Neurotransmitters (noun, “NER-oh-TRANS-mit-ters”)
Chemicals that carry messages between cells. The first cell releases small bubbles filled with neurotransmitters into the space between itself and its neighbor. This space is called a synapse. The molecules cross the gap. Then, they bind to docking-station molecules called receptors. These receptors then release the signal into the receiving cell.
In a sentence
Every time a nerve needs to make a muscle move, it releases a burst of neurotransmitters.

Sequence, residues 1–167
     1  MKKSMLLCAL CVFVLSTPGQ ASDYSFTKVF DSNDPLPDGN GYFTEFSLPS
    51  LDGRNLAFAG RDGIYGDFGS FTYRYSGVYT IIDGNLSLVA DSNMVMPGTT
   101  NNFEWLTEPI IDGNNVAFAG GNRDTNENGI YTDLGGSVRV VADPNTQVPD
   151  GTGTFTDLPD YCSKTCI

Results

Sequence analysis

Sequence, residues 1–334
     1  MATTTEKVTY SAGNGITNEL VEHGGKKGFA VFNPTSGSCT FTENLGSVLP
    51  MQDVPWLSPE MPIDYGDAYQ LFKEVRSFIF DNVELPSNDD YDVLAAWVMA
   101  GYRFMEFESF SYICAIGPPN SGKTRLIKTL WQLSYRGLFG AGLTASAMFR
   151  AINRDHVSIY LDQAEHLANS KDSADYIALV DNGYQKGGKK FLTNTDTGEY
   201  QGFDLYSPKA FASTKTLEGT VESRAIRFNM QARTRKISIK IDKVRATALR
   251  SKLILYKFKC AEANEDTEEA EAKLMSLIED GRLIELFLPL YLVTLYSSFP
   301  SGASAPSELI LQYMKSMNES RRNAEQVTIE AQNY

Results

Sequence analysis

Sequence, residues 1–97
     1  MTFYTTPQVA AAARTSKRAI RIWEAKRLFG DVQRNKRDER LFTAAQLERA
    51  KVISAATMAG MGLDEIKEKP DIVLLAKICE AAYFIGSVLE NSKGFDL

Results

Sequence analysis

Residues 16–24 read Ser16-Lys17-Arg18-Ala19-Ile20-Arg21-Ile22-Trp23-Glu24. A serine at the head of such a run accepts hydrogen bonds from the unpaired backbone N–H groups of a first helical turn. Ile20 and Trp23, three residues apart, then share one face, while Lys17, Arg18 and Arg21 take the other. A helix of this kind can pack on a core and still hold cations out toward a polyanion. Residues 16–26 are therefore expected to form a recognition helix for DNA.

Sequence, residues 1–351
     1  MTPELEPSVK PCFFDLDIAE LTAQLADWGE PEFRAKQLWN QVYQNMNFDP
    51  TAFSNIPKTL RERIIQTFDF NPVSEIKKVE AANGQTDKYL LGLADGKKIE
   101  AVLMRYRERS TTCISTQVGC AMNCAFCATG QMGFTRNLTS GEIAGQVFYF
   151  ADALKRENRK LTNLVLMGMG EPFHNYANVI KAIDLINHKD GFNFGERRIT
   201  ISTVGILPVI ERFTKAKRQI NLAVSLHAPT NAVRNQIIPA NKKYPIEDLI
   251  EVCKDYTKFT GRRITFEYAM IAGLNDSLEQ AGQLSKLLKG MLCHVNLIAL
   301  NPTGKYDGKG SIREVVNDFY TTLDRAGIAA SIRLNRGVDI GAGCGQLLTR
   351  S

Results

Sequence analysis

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neuron The impulse-conducting cells that make up the brain, spinal column and nervous system.
neurotransmitter A chemical released at the end of a neuron to carry a message to a neighboring cell. This chemical travels across the space between two cells, and then binds to molecules on a neighboring cell to transmit a message. Neurotransmitters are released from neurons, and can bind to neurons or to other types of cell, including those that make up muscles or glands.
receptor (in biology) A molecule in cells that serves as a docking station for another molecule. That second molecule can turn on some special activity by the cell.
synapse The junction between neurons that transmits chemical and electrical signals.